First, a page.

Bacardi Rum is a success story that has influenced an entire region and established a whole new category of spirits. Bacardi has become a symbol of summertime and lust for life all over the world. But paradoxically, nobody knows the full story. Here we’re going to tell the Bacardi story over the course of six articles.
You know Bacardi? Are you sure? Then, dear reader, you’ll surely know that the name ‘Bacardi’ is stressed on the final ‘i’. As soon as one begins researching the history of this legendary brand of rum, there emerges such an abundance of little-known and startling facts that one series of articles hardly suffices to relate them all. Being thus limited to focussing on the essentials, we’ll start by telling you about the roots of the family that, right up to the present day, runs the largest family-run spirit company in the world.
The Bacardis’ forebears came from Europe, more specifically from the port of Sitges, which lies south-west of Barcelona. During the expansion of the Spanish colonial empire, a thriving Catalan colony became established in Santiago de Cuba at the beginning of the 19th century. The prosperous trading town at some point attracted Magín, Juan, José and Facundo Bacardi, the sons of a stonemason. In Cuba, they worked hard to establish a shop selling goods for everyday requirements. The Catalans had a reputation for being good tradesmen. An American who visited Santiago at the time described them as follows: “They arrive here poor, open up a shop of two or two and a half square metres, live on one bread roll a day, and through patience, hard work and thrift they become rich.”
By 1843, Facundo, the second youngest of the Bacardi brothers, had saved so much money that he could afford to open up his own business with his wife Amalia Moreau and a partner: Facundo Bacardi y Compania. Over the following years the family grew, with the birth of the children Emilio, Facundo Junior, Juan and Maria. The business prospered similarly, allowing Facundo and his partner to open up a second shop in the nearby mining town of El Cobre. However, in 1852 the tide turned. A series of earthquakes destroyed Santiago’s entire infrastructure, bringing public life and trading to a halt. Moreover, a cholera epidemic broke out, forcing the young family to leave Cuba temporarily and return to Facundo’s parents in Sitges.
When Facundo and his wife Amalia set off to return to Santiago, they left their son Emilio in the custody of a friend from Barcelona who was to take care of the education of the talented boy. Back in Santiago, the Bacardis were to face great hardship in the years to come. Many inhabitants had left the city and the region of Santiago and business was poor. In 1855, despite financial assistance from his relatives, Facundo’s first company was forced to close down.
The demise of his business offered Don Facundo – as Facundo Bacardi was respectfully called by those around him for his serious manner – the opportunity to make a new start. It was in that decade of the 19th century that Cuba became the greatest sugar-producing country in the Caribbean. Up to that point Haiti had dominated the global market. However the slave uprising at the turn of the century had reduced Haiti’s sugar production considerably, opening the markets for other cultivation regions with similar climates such as Cuba or Jamaica. Unlike the French-dominated Caribbean islands, the Spanish-speaking countries hadn’t had any noteworthy rum production up to then. The little aguardiente that was produced was of inferior quality and tended to be used more for medical purposes than for drinking. Another reason for the feeble development of distillation in Cuba was the decrees of the Spanish Crown, which had for a long time prohibited the production of rum.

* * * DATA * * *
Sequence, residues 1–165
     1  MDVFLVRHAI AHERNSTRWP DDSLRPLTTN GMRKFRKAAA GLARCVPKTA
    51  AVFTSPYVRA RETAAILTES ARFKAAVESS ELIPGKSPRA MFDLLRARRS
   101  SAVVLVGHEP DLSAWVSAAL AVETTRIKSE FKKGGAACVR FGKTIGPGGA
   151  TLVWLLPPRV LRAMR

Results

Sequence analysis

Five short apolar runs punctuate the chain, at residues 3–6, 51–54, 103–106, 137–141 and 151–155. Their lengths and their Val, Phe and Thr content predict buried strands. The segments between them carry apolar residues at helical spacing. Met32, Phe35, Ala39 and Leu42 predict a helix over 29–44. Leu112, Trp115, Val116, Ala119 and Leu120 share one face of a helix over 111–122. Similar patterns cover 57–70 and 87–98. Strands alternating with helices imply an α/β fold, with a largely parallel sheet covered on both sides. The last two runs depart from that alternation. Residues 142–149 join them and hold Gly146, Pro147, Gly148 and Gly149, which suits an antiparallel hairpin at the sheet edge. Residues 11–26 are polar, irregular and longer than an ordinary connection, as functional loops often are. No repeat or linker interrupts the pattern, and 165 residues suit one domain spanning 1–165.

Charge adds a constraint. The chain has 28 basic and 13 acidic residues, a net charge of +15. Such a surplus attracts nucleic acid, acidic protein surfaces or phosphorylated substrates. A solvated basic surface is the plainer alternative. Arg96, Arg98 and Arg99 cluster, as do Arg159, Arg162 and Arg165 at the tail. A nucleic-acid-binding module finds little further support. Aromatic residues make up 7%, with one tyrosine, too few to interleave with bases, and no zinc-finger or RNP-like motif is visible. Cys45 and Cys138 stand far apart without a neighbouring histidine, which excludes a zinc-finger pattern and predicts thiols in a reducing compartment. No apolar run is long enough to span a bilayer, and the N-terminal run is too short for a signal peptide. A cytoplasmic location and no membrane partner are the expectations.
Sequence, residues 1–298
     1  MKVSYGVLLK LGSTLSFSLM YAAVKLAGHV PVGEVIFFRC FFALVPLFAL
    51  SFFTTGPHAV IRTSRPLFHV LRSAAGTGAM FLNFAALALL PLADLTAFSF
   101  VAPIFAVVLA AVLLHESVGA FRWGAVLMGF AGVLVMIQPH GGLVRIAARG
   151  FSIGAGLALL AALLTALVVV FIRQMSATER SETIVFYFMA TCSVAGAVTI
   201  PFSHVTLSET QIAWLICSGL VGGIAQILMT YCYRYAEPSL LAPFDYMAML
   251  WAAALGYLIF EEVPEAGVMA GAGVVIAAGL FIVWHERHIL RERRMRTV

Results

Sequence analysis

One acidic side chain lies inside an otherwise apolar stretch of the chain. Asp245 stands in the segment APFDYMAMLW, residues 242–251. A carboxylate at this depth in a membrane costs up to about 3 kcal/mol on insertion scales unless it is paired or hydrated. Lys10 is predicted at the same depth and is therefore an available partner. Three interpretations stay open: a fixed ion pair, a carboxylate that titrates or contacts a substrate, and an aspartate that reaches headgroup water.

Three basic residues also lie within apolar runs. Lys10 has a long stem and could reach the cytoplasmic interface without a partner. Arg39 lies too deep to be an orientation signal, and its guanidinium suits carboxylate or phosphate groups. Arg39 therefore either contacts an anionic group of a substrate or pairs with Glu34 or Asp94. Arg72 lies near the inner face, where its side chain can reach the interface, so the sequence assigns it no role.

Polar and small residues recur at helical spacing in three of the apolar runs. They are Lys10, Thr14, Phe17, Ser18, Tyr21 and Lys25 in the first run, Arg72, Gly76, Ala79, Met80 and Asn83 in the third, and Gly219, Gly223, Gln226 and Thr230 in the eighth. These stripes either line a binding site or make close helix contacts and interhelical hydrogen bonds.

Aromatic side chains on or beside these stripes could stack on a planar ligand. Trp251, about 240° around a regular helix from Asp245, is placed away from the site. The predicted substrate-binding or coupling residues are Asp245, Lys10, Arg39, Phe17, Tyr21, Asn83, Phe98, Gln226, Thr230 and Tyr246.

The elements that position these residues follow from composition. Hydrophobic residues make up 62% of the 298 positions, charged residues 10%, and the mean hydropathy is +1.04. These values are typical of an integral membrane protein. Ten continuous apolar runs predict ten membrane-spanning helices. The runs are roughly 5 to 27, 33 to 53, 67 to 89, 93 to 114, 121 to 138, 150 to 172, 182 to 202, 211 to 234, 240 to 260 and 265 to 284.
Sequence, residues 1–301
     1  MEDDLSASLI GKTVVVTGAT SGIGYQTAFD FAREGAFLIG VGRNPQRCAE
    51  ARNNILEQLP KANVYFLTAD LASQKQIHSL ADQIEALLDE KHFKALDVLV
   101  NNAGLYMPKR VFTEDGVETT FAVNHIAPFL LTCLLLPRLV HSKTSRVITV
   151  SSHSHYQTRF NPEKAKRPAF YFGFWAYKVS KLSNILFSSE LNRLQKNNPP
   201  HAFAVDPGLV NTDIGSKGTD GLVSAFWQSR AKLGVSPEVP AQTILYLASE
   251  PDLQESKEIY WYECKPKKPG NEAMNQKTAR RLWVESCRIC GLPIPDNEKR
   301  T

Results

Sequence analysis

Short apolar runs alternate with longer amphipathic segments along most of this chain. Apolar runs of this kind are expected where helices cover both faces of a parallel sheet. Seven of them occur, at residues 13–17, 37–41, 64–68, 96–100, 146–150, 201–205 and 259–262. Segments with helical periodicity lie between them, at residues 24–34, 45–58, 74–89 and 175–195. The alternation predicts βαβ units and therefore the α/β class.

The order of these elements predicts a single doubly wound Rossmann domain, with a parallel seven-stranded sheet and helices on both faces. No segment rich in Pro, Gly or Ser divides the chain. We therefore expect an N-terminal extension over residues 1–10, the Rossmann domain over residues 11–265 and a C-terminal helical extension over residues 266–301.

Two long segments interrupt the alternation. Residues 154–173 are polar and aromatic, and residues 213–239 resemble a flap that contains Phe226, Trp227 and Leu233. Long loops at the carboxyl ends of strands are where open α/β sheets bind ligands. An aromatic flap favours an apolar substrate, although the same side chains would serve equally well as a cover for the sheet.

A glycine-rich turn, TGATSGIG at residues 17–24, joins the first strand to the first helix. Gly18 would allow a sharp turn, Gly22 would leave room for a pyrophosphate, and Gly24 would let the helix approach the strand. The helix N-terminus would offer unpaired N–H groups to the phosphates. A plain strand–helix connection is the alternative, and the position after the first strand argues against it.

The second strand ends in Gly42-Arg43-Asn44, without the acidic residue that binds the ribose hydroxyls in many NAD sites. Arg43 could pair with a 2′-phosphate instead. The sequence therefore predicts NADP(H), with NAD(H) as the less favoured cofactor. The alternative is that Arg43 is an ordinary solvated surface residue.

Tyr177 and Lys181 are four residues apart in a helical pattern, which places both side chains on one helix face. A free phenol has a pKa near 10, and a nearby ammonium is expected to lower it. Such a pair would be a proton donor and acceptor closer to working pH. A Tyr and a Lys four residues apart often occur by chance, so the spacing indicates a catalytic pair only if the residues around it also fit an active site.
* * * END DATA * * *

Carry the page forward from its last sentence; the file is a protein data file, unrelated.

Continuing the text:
When Don Facundo began to turn his interest to the production of rum, it could not have been at a better time. Up to that time, large amounts of molasses had been exported the United States for rum production, but as the settlers advanced further West their taste began to increasingly favour grain spirits. Furthermore, due to its geographical location Santiago had good connections with the French colonists of the other Caribbean islands, many of who had moved to the city.
One of these citizens of French origin in Santiago, José Leon Bouteillier, was a tenant in the house of Amalia Bacardi’s godmother, Clara Astié. He ran a small distillery there, producing cognac and also boiled sweets from the sugar residue of the distillation. After her godmother’s death, Amalia inherited the estate in Marina Baja Street. This gave Facundo the opportunity to finally realize his plans to start producing rum himself. Facundo reached a new rent agreement with José Boutellier that granted him use of the pot still that was installed in the house.
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